Now that the fuss and kerfuffle of end of year festivities is over, I feel a need to look at the Christmas story, bearing in mind that Jesus was really born in March! Here goes:
It was a crisp, clear night in late winter, the stars shining brightly in the moonless sky.
There was a buzz in the little Israeli town of Bethlehem in Judea. In those days Israel was ruled by Rome, and the Emperor, Caesar Augustus decreed that every person had to be registered. Bethlehem, small as it was, was the registration centre for a substantial area that included Nazareth. People thronged the narrow streets, every bed was taken; it was hard to find a table in any restaurant for a meal.
A young couple moved wearily through the crowds. The more observant would notice that the wife was heavily pregnant. They would also notice an air of separation, a politeness between the two. Over this, an aura of despair cloaked them, as they approached the last Inn on the road out of town. The woman’s body sagged when she saw her husband’s shoulders slump further, and she watched the innkeeper shake his head, apologetically. The man turned away. The Tavernier caught sight of the woman and suddenly understood their predicament. He called to the man, beckoned to his wife to follow him. He led them to the back of the building to the stable, where there was a vacant stall.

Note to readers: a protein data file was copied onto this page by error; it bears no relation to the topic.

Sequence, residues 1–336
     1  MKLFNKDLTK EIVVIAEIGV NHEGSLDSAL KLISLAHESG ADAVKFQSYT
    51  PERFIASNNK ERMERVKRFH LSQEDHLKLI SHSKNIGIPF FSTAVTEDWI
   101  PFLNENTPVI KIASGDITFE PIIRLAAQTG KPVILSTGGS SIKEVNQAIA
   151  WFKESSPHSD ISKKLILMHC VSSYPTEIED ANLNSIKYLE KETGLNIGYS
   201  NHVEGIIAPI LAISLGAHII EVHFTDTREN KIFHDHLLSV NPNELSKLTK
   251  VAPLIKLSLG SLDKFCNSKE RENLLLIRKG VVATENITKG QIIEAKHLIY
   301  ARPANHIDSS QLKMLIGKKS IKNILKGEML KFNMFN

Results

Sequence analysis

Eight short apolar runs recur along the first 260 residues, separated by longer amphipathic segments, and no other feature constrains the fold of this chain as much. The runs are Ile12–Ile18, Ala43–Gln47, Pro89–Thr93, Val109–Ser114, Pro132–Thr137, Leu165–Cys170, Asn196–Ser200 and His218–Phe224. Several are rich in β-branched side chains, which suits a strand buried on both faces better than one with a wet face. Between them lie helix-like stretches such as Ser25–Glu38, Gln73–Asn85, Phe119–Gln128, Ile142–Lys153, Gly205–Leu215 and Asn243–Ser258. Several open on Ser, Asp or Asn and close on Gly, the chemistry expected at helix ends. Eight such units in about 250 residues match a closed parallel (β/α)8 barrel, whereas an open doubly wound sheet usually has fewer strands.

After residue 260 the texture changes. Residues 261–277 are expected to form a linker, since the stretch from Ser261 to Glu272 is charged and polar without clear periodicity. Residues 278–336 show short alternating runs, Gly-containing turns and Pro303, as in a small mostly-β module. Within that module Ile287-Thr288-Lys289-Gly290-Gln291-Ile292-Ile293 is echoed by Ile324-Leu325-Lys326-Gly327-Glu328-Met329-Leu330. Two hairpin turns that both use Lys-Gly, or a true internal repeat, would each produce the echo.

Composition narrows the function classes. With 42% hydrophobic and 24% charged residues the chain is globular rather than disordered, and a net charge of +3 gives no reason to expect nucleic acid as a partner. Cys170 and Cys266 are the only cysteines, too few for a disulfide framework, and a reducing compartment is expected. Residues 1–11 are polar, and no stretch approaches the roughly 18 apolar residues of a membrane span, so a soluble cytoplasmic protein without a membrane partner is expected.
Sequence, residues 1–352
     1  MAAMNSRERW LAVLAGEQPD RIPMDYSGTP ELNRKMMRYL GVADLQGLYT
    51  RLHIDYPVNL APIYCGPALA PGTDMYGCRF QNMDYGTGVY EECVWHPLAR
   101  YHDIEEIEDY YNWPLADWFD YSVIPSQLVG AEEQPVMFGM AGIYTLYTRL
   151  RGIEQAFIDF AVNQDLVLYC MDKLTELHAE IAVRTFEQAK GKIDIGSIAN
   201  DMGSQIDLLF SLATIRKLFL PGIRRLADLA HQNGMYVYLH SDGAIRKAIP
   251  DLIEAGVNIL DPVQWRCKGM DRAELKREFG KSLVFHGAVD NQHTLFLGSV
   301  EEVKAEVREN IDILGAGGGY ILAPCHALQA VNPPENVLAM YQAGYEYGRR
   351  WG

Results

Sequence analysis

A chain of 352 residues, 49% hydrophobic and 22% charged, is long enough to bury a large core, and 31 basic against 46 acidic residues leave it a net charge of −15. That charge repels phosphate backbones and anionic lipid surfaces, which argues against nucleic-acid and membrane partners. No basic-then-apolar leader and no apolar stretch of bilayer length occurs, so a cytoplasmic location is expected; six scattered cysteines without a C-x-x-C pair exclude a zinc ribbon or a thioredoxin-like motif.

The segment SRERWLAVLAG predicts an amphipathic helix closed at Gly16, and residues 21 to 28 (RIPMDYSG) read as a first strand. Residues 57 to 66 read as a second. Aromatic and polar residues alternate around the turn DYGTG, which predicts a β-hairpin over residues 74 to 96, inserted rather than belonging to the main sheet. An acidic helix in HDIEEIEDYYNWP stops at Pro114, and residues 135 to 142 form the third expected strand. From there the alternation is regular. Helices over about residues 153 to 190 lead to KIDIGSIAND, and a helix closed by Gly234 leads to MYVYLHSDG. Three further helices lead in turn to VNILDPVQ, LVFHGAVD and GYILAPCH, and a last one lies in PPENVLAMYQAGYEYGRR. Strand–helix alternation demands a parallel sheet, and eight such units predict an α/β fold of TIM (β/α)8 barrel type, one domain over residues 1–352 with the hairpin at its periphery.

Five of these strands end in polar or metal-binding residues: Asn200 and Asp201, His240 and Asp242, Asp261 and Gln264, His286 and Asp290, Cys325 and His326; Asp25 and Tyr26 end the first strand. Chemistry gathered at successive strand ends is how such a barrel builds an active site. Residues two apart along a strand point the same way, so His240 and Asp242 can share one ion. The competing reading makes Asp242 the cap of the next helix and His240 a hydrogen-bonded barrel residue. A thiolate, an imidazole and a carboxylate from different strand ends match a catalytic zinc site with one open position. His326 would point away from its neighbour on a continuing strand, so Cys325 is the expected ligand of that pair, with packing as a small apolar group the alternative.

“It’s the best I can do,” he said.
“It looks wonderful,” the woman said wearily. “It is warm, it is dry, and the hay will make a comfortable bed.”
“Thank you for your consideration; may the God of our fathers bless you,” the man’s voice was husky, tight with emotion.
Overhead a star glowed brightly, and appeared to increase in size.
A little way outside the village, a group of shepherds were sitting around a fire, enjoying the clear night. They noticed the star, commented on it, wondered about it, and fell into companionable silence.
Further afield, a caravan of camels and donkeys moved through the early night towards Jerusalem. There was a sense of urgency in the voices of the drivers, encouraging their camels forward. Underlying their urgings, a serious conversation was taking place between three well-dressed men. If you were to inquire, you would discover that they were respected Magi, wise and holy men respected in the east for their vast knowledge and wisdom.